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Sigismond Bardac, Paris, before 1913, as French, fourteenth century;[1] (Arnold Seligmann), 1913(?)-1916; purchased 22 April 1916 by Joseph E. Widener, Elkins Park, Pennsylvania, as French, twelfth century; inheritance from the Estate of Peter A. B. Widener by gift through power of appointment of Joseph E. Widener, after purchase by funds of the Estate, 1942.

Exhibition History

Exhibition of Arts of the Middle Ages, Museum of Fine Arts, Boston, 1940, 80, no. 283, as French or Mosan, twelfth century.
Artful Deception: The Craft of the Forger, Walters Art Gallery, Baltimore, 1987-1988, no cat.
Lions, Dragons, and Other Beasts: Aquamanila of the Middle Ages, Vessels for Church and Table, The Bard Graduate Center for Studies in the Decorative Arts, Design, and Culture, New York, 2006, no. 3, repro.

Technical Summary

A hinged lid atop the lion's head opens to allow filling with water, which would have been poured out at the mouth.

The object, of a dark brown bronze alloy, is generally in good condition. The gilding is worn, especially on smooth surfaces such as the haunches. It adheres best in grooved, patterned areas. There is a dent in the left hind haunch.

X-ray fluorescence analysis of the surface indicates that the alloy is approximately 95 percent copper, 2 percent tin, and 1 percent lead, with traces of silver, iron, and antimony.[1] This alloy is consistent with medieval production. The presence of mercury in a gilded area indicates the use of fire-gilding. The gray repair on the left hind haunch appears to be a lead-tin solder.

[1] Report 17 March 1987, in NGA conservation laboratory files.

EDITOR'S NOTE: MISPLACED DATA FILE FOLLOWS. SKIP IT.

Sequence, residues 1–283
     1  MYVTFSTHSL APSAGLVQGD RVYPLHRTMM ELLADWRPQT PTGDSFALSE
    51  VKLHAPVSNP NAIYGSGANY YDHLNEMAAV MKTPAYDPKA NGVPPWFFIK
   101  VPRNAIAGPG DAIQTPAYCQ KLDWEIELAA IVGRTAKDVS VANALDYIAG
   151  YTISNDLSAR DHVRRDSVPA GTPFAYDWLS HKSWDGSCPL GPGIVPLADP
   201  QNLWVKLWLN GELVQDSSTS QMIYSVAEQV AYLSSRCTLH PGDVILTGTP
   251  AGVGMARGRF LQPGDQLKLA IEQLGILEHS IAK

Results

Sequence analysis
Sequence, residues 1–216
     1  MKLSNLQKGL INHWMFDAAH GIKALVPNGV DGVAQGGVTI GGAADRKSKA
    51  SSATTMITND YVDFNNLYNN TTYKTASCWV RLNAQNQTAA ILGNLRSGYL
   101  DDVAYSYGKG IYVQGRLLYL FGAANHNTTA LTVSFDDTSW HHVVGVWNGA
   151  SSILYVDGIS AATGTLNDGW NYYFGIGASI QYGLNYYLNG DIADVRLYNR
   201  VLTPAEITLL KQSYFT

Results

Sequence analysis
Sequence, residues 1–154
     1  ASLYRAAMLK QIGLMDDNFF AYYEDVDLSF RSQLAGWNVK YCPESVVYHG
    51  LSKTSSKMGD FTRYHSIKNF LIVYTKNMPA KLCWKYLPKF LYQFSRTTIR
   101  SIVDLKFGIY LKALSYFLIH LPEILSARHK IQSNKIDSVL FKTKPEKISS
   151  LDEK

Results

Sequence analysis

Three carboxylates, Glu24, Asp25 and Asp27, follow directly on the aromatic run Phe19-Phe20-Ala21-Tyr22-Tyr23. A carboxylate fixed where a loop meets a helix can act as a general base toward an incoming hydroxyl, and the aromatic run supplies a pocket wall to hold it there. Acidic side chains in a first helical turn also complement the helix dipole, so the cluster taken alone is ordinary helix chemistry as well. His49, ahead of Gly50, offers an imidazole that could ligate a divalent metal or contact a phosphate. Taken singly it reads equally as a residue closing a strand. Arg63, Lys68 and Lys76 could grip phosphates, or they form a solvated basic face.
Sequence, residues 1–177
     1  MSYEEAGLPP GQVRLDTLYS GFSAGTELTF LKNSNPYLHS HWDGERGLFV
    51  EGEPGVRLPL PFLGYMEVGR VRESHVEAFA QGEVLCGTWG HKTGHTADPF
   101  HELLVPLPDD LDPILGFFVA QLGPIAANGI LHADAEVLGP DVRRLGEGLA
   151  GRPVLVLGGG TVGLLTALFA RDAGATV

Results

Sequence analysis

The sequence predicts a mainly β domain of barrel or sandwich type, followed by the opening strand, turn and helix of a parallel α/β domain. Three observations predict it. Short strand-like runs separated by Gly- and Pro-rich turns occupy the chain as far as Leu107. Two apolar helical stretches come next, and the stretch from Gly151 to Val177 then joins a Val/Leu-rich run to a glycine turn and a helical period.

Leman, Henri. Collection Sigismond Bardac. Faiences italiennes du XV siècle, objets de haute curiosité, Moyen Age et Renaissance. Paris, 1913: no. 33.
Falke, Otto von, and Erich Meyer. Bronzegeräte des Mittelalters I. Romanische Leuchter und Gefässe; Giessgefässe der Gotik. Berlin, 1935: 62, 110, no. 374, repro. 352 (reprint, Berlin, 1983: 62, 154, fig. 352).
Inventory of the Objects d'Art at Lynnewood Hall, Elkins Park, Pennsylvania, The Estate of the Late P.A.B. Widener. Philadelphia, 1935: 31.
Works of Art from the Widener Collection. Foreword by David Finley and John Walker. National Gallery of Art, Washington, 1942: 9, as French 12th Century.
Seymour, Charles. Masterpieces of Sculpture from the National Gallery of Art. Washington and New York, 1949: 11, 171, note 2, repro. 28, 30.
Christensen, Erwin O. Objects of Medieval Art from the Widener Collection. National Gallery of Art, Washington, D.C., 1952: 20-22, 30.
Mende, Ursula. Die Türzieher des Mittelalters. Berlin, 1981: 55, fig. 362.
Distelberger, Rudolf, Alison Luchs, Philippe Verdier, and Timonthy H. Wilson. Western Decorative Arts, Part I: Medieval, Renaissance, and Historicizing Styles including Metalwork, Enamels, and Ceramics. The Collections of the National Gallery of Art Systematic Catalogue. Washington, D.C., 1993: 25-28, color repro. 26.
George, Philippe. Art et patrimoine en Wallonie des origines à 1789: Essai de synthèse à la lumière des collections américaines et européennes. Namur, 2017: 165, fig. 233.

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